The Key Technical Level XLF Options Traders Are Targeting

XLF is struggling to break out of the $24 region, and bearish options traders are betting on losses

Feb 17, 2017 at 1:57 PM
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As we mentioned in passing earlier, bank stocks have struggled during the week of Presidents Day. Based on a study by Schaeffer's Senior Quantitative Analyst Rocky White, 10 of the 25 worst performers during the last decade are in the financial sector. This is bad news for shares of the Financial Select Sector SPDR Fund (XLF), and options traders today are trying to cash in on potential near-term headwinds.

Let's start on the charts. The exchange-traded fund (ETF) is currently struggling to break out of the $24 neighborhood, which founder and CEO Bernie Schaeffer highlighted in a recent Chart of the Week. Specifically, he noted a number of factors pointing to $24 as the key level at the moment: 

  • $24.74 = 20% below June 2007 all-time high
  • $24.10 = February 2008 high
  • $23.85 = 5 times March 2009 low
  • $23.79 = 50% return from February 2016 low
  • $23.49 = XLF's 2007 close
  • $23.46 = XLF's 50-day moving average
Not surprisingly, the soon-to-be front-month March 24 call is home to the second biggest accumulation of open interest, across all options series. This could also contribute to near-term resistance for the financial shares, as the hedges related to the positions begin to unwind.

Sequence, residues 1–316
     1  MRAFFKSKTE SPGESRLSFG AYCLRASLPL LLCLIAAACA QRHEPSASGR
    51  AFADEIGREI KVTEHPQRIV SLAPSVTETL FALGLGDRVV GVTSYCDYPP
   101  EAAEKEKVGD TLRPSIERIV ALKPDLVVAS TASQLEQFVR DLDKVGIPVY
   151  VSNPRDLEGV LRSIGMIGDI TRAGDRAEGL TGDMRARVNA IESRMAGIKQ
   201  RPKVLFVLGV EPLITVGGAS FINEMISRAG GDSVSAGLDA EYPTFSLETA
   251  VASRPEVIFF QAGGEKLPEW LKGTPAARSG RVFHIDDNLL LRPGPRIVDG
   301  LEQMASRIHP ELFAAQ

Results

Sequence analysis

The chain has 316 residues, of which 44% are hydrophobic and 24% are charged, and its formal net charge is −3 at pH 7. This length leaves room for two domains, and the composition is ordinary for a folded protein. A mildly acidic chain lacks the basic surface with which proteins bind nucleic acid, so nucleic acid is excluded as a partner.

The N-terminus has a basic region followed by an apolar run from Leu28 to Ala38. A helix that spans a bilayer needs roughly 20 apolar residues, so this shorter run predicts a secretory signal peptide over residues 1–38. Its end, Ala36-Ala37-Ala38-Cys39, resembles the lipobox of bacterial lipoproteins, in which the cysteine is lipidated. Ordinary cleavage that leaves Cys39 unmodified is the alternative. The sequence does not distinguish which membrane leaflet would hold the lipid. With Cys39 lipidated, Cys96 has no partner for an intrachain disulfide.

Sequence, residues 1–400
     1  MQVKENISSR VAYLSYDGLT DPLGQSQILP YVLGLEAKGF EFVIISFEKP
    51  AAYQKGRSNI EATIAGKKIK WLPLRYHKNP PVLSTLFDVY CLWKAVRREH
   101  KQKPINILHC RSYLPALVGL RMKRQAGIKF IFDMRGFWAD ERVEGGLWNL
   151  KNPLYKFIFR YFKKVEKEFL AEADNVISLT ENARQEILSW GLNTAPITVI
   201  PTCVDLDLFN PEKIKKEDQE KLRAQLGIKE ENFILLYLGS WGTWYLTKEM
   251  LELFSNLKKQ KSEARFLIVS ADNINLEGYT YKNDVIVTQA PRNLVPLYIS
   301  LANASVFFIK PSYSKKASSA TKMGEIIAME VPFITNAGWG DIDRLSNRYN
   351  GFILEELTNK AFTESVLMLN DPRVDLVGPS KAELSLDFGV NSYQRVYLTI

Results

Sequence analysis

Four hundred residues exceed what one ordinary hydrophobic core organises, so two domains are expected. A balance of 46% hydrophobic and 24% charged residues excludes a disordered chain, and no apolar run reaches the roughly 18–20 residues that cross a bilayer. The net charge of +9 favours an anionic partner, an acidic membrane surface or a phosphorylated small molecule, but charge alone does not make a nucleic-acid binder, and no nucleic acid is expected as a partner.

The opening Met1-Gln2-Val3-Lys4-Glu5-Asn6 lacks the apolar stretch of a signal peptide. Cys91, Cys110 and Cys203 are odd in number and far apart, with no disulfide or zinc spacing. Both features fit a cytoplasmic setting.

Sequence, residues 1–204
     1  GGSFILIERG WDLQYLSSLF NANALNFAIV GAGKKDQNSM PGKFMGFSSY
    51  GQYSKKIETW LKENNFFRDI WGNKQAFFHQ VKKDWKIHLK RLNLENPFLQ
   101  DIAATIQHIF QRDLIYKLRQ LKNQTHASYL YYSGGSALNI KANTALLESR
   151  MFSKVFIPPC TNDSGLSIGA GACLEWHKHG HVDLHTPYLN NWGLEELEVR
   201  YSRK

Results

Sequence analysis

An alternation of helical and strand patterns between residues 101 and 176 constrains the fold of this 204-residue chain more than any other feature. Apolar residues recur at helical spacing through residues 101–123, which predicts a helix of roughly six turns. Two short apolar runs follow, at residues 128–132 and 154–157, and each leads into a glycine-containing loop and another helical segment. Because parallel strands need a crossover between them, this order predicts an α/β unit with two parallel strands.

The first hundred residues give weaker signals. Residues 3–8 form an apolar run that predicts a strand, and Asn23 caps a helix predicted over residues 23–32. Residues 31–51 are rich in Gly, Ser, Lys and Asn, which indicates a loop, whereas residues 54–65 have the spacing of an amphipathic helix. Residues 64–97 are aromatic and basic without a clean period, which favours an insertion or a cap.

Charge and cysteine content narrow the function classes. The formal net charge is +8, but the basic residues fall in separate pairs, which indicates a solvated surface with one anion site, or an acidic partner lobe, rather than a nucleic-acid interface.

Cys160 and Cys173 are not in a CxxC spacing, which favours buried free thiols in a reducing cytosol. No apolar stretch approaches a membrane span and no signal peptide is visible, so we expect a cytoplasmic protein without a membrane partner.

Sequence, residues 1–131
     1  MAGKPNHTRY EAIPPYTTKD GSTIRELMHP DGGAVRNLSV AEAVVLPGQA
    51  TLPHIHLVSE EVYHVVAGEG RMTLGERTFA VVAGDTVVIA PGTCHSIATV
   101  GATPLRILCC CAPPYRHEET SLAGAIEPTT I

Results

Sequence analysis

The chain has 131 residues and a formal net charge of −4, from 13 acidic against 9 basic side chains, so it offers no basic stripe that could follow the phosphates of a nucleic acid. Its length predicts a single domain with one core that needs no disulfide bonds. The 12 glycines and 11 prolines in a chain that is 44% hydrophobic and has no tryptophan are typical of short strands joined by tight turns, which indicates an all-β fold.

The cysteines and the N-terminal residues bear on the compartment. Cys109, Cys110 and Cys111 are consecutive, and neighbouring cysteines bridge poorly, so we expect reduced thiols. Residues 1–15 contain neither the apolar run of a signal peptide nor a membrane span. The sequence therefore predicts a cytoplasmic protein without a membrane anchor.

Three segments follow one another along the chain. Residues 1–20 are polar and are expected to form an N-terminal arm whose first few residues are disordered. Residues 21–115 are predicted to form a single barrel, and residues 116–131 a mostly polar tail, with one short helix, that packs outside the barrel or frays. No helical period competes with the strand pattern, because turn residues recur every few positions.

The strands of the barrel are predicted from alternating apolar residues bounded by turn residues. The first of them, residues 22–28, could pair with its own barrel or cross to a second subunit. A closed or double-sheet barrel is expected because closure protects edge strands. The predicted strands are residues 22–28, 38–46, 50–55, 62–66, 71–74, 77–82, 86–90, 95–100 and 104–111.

Today, though, it's the March 24 put that's in the lead, with over 75,400 contracts on the tape -- roughly five times more than the second most active strike. Already, three trades exceeding 10,000 contracts have transpired. Looking more closely, it's possible these put options are being newly purchased. Assuming that is the case, the traders anticipate XLF will breach the $24 level by the close on Friday, March 17, when the series expires.

Today, as noted, the Financial Select Sector SPDR Fund (XLF) is running into congestion above that key area. At last check, the shares were down 0.3% at $24.39. That said, there's no denying the strength of financial stocks since the U.S. presidential election, with the so-called "Trump rally" carrying the shares to a 22% gain. What happens next is anyone's guess, though, especially since XLF could be impacted by a Fed rate hike and/or details on President Trump's tax plan.

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